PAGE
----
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Fraud on Investors in EB-5 Investments: Caveat Emptor! Part 3

Fraud on Investors in EB-5 Investments: Caveat Emptor! Part 3

EB-5 Fraud Courtroom

EB-5 Fraud Buttressed by Systemic Problems in the Industry

Most industry members are troubled by the few fraud cases that occur, and are dedicated to creating greater industry integrity.  The clear majority of industry stakeholders are working ethically and simply working to provide appropriate service to investors, since the investors are the life-blood of each EB-5 related business.  The difficulty in making changes is that the problems are systemic, and amplified by cultural differences and the perceptions of different constituencies within the industry.  The systemic problems are clearly discussed below, but this list is not exhaustive or intended to cover all issues.  Instead the purpose of providing this description is to discuss some of the large problems which impede creation of a better system that protects the investors, while increasing trust and thus easing burdens on developers and regional centers.

1. General Fraud Motive and Opportunity

The first industry issue that is an impediment on industry integrity is a less scrupulous individual who understands the system or is able to gain an understanding of the system, immediately has the opportunity to defraud many investors of large sums of money in a short period of time.  By its own terms, EB-5 fund raising deals in extremely large sums of money.  Legitimate contemplated projects are often presented in hundreds of millions or even billions of U.S. Dollars.  Investors are conditioned to look at the ration of EB-5 Dollars to total project cost, and then view this in light of the economic impact and jobs created.  It is also safe to assume that the larger the cost of a project the more complexity will be involved in the financial structure of the deal, the make-up of the participants and how each is compensated, the legal requirements of the deal, and thus, the documentation will be much more complex.  Further, the investors are all foreign, and likely have limited knowledge of the U.S. legal system, how professionals are used within our system as a means to mitigate risk.  Also, the documents are not ordinarily written in the investor’s native language, and may have to be translated, but the English language version controls.  In the general course of things, the investor meets multiple parties and professionals, all providing information, but may have little clarity on what each professional is offering in the way of beneficial information.  So, the investor may consult a local attorney, accountant, or may just rely upon a migration agent’s statements.  Once a decision to invest is made, the investor has no idea how to approach a U.S. attorney to handle the immigration petition, and so he or she relies upon participants in the transaction to make a recommendation, which is provided, normally through an intermediary, and so there is a gatekeeper in relation to all information that gets into the hands of the investor.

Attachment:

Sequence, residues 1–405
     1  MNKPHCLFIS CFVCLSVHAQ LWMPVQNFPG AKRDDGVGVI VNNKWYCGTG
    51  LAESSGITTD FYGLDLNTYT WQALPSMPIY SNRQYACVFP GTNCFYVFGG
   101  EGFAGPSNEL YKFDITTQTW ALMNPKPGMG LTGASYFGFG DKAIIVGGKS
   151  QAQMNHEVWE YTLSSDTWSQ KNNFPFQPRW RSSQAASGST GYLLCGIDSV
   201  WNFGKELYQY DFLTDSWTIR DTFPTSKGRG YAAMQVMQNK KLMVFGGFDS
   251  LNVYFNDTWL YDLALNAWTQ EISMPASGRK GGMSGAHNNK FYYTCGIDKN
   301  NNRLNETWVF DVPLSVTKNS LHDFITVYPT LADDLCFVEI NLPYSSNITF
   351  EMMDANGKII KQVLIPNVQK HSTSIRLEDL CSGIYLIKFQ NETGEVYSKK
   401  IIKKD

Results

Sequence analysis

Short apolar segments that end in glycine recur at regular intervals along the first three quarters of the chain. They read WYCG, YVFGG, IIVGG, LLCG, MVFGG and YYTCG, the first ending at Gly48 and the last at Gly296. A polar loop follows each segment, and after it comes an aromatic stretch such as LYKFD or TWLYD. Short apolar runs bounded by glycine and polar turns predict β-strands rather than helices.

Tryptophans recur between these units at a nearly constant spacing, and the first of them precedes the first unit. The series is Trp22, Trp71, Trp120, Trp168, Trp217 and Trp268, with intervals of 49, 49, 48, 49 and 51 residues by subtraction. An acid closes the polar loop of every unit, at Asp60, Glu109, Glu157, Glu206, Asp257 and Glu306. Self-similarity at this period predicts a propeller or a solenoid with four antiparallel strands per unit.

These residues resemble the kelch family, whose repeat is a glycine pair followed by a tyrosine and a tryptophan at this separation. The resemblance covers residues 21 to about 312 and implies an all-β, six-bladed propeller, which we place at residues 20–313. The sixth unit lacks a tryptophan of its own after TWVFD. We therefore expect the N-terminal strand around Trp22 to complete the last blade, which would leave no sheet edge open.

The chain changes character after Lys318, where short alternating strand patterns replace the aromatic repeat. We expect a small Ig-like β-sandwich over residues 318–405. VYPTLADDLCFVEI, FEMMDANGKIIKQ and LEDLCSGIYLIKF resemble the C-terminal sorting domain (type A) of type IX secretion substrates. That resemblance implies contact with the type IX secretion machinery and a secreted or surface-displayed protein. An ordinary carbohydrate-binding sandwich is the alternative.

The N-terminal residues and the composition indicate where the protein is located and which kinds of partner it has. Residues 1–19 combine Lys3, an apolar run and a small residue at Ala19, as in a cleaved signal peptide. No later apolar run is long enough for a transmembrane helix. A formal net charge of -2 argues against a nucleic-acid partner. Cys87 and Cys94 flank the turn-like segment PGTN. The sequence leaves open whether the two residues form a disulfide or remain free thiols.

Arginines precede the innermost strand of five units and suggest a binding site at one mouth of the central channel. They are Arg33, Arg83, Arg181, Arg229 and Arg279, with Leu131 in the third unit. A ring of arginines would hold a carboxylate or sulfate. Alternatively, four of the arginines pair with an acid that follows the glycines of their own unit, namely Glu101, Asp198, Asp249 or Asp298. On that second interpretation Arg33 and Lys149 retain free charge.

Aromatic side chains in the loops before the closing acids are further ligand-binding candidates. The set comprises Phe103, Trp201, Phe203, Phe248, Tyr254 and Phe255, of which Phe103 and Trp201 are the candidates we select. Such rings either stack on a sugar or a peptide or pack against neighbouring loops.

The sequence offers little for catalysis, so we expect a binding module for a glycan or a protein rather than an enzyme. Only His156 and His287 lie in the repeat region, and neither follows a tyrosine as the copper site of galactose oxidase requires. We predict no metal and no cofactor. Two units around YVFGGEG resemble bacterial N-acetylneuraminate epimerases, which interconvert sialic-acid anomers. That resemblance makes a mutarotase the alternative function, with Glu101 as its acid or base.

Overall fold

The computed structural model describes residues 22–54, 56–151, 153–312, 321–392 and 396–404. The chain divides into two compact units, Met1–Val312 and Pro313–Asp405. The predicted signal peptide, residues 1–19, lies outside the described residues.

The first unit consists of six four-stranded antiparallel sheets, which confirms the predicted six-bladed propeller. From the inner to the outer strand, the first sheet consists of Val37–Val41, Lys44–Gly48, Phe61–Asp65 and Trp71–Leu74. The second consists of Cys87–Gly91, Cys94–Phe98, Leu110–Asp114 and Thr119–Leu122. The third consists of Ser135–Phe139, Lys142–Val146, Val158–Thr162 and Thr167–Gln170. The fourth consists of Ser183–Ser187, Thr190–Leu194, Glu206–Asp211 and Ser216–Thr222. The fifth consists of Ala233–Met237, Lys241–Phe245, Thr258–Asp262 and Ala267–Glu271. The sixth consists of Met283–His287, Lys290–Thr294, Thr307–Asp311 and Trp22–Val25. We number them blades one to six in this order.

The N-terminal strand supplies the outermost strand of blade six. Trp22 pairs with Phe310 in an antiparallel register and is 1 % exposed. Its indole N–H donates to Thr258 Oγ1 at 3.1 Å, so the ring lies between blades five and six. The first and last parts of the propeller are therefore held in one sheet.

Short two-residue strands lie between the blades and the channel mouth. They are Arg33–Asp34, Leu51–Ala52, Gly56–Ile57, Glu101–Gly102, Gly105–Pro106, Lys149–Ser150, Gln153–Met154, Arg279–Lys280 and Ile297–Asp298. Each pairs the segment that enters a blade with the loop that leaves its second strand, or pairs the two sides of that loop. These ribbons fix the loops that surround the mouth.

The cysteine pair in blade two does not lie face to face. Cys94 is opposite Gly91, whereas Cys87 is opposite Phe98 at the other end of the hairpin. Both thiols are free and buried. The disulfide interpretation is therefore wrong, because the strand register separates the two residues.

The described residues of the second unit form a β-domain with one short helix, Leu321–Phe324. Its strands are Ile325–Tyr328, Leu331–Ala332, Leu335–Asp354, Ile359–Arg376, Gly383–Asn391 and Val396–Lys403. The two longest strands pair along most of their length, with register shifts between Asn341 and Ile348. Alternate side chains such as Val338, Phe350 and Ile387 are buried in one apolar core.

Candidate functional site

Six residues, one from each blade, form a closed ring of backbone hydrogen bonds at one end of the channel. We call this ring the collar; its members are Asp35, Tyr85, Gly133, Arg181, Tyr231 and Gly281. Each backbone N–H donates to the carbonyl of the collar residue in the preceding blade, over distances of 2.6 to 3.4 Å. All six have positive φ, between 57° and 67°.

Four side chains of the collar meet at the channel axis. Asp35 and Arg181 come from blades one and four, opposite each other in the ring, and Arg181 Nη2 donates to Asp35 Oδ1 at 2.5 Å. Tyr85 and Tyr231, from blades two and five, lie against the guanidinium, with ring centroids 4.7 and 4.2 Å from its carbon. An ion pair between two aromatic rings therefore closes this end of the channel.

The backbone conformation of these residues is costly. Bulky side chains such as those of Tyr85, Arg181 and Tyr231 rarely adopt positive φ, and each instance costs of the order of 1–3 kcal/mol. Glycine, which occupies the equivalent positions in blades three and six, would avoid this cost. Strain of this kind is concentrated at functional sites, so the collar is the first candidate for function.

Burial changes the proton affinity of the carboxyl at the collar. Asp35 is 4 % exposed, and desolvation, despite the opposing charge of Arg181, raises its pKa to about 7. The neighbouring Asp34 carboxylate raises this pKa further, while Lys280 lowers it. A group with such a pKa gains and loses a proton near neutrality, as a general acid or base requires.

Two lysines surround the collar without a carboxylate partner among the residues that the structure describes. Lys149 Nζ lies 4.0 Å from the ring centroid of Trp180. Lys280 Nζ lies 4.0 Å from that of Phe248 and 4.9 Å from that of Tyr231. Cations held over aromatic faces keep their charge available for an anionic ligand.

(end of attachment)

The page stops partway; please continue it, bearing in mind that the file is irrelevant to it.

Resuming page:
All of these issues add up to opportunity for someone intent on defrauding an EB-5 investor.  First, motive is created by the large sums of money that change hands.  Ideally, the fraudster is able to get his hands on the actual investment, but doing so takes a long game, or a dishonest or otherwise conflicted attorney.  But, just the administrative fees alone add up to some serious money, if the project is big enough.  Tie that in with the fact that bigger projects can add layer upon layer of complexity in which to hide or gloss over relevant information that could be signs of fraud, and a conman can easily use EB-5 to bilk unsuspecting investors of millions of dollars.